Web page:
Nemertes has been tracking the emergence of the next evolution of information technology use and organization within the enterprise. Just as MIS evolved into and was superseded by IT, we see Enterprise Technology (ET) emerging to supersede traditional IT. Where MIS focused on the back office and evolved into IT to address the needs of office staff and the knowledge worker, so IT is evolving into ET as it grows to encompass not just back-office, knowledge, and task (front-office) work, but also field and floor work that previously was not technology-supported, and the creation of the intelligent and instrumented environment. ET, naturally, demands some skills that IT already has, and also some that IT tends to undervalue.
One ET skill that is increasingly important is the ability to speak with line-of-business folks in business-focused language, and to interpret their needs and translate them into technology requirements. Sure, IT departments know they need this skill set and many deploy business analysts or business-technology liaisons to be bridges to the rest of the organization. However, the ET organization is going to be tipping ever more heavily towards needing this skill set across most positions. Over time fewer and fewer technologists will be isolated from the rest of the business, especially as broader and more flexible use of hosted, managed, and cloud services makes it possible to get ever more done without the deep technical expertise that has been required in the past. (Of course, it shifts that burden to the service providers!)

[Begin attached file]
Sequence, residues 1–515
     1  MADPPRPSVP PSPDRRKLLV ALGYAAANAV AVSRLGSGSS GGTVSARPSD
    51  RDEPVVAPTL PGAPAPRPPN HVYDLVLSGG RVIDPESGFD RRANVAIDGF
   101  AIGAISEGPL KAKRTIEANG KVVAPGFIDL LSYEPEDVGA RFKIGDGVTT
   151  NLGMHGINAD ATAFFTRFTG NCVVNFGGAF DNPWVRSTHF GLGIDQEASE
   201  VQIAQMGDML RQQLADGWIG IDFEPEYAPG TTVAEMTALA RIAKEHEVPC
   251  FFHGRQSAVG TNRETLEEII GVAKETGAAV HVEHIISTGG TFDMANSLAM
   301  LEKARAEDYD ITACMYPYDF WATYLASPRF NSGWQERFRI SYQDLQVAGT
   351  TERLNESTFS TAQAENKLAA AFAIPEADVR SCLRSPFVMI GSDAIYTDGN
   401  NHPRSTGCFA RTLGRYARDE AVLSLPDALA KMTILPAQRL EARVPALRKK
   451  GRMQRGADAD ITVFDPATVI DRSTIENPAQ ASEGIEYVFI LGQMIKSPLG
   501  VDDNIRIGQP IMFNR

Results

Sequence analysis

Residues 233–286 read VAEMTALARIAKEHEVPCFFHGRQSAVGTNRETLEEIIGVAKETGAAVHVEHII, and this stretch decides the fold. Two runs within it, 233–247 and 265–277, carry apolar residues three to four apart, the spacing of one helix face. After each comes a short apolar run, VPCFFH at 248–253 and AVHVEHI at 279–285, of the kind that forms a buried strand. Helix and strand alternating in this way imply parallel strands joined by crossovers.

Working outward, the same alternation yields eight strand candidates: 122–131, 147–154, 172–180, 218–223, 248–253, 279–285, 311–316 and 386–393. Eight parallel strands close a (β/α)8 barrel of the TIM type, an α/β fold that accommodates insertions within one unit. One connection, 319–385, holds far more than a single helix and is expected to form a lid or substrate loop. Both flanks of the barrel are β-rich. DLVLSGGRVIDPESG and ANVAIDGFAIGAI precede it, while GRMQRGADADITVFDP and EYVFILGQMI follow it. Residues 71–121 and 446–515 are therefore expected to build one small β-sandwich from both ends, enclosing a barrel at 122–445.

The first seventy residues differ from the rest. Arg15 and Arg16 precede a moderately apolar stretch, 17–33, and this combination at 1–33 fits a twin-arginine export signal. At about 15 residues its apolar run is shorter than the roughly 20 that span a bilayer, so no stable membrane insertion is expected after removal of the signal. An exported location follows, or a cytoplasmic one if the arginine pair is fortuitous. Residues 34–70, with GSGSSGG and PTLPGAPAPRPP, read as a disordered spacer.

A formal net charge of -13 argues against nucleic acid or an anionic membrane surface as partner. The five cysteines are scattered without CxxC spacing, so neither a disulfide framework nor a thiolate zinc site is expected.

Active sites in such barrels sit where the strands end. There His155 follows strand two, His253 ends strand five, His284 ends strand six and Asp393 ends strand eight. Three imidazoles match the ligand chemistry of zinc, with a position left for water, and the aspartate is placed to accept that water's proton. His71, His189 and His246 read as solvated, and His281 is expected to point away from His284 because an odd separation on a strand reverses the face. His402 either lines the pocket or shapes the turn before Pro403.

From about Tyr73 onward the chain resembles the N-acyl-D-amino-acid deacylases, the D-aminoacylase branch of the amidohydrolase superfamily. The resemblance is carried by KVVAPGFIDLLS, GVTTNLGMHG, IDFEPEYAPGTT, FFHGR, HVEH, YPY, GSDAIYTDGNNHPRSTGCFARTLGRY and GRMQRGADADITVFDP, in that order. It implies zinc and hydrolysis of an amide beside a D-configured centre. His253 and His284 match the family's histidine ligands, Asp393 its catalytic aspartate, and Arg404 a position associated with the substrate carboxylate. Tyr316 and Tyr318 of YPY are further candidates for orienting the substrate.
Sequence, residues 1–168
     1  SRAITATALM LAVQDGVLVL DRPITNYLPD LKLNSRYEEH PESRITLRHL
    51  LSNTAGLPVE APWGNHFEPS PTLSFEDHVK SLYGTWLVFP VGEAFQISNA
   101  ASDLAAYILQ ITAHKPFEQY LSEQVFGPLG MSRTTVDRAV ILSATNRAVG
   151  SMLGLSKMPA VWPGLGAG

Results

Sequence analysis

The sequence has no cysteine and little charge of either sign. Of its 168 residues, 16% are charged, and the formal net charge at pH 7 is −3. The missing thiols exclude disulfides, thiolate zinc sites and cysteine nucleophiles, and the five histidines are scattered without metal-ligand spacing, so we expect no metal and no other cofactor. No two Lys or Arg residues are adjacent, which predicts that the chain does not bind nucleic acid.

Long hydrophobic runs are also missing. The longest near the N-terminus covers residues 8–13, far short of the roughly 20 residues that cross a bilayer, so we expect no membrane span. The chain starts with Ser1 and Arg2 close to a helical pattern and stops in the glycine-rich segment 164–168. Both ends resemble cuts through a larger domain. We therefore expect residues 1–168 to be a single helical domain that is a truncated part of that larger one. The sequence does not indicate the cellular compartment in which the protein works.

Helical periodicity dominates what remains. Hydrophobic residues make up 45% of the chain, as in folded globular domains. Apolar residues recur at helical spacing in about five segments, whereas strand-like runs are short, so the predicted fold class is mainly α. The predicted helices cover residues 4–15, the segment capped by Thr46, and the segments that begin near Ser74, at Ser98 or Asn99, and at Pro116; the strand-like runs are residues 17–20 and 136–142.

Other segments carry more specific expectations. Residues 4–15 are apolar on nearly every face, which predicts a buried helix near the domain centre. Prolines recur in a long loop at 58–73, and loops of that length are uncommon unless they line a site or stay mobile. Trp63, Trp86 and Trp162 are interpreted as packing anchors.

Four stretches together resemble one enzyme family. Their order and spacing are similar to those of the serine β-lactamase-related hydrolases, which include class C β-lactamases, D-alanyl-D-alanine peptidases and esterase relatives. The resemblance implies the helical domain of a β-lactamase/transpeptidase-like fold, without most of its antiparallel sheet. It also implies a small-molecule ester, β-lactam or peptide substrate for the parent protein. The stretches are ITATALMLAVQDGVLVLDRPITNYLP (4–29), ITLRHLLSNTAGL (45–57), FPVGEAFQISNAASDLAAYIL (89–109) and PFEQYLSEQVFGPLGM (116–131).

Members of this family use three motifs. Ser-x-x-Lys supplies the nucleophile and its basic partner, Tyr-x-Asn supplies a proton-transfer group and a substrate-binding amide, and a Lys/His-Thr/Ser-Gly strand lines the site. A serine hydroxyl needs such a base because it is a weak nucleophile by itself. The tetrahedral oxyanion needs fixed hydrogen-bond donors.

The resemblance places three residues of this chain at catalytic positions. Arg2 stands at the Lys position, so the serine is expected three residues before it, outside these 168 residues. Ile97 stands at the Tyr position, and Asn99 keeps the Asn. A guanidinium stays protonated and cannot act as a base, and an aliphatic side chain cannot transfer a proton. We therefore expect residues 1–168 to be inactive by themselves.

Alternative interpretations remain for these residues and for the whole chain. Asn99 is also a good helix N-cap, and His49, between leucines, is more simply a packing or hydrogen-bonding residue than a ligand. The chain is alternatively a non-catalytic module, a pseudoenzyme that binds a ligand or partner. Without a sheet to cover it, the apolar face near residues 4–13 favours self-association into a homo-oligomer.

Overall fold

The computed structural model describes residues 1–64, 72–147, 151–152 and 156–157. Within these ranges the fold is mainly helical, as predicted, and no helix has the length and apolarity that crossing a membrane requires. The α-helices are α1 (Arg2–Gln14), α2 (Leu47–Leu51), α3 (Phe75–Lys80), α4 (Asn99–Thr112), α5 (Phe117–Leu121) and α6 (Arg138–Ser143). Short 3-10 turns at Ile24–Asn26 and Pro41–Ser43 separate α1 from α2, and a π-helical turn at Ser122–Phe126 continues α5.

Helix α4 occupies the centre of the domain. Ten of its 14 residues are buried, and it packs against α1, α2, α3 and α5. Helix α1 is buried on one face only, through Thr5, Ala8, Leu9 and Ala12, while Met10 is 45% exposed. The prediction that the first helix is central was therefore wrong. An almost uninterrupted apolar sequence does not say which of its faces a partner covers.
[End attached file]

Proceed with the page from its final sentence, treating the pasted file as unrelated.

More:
Another ET skill is the ability to think in terms of pulling together pieces of a solution from many available sources, in-house or cloud, to put together what the business needs quickly, often with the understanding that the initial solution may not be one you would want to use long term. Think mashup on the way to SOA. Why? Because in the ET world, continuous innovation will be more common, and that requires trying lots of things to see if they are worth doing, and then (if they are) working out how to do them for the longer term. This doesn’t mean throw any old thing out there, of course, and requires understanding from the business users that at some point if they want to continue on with a new service there may need to be a platform migration, but it does mean trying to spend a month getting a prototype up rather than 6 or 12 months. This requires both the skill of spotting where a new thing needs to hook into existing systems, and of knowing how the components of a new solution need to work with each other.
A third ET skill is thinking always in terms of mitigating risks of exposure of confidential information. The more places and ways there are to work with company data, the more people have access to that data, the more important it is that every person with a hand in creating those means of access pays attention to protecting that information. The best architectures will have systems in place to provide mashable access to data with the access controls all built in, but even then, before data make it into that protected core they may live only in the new apps and so need to be considered with care and handled with caution.
There are other ET skills, and the list will continue to evolve as the picture of what ET is continues to get clearer.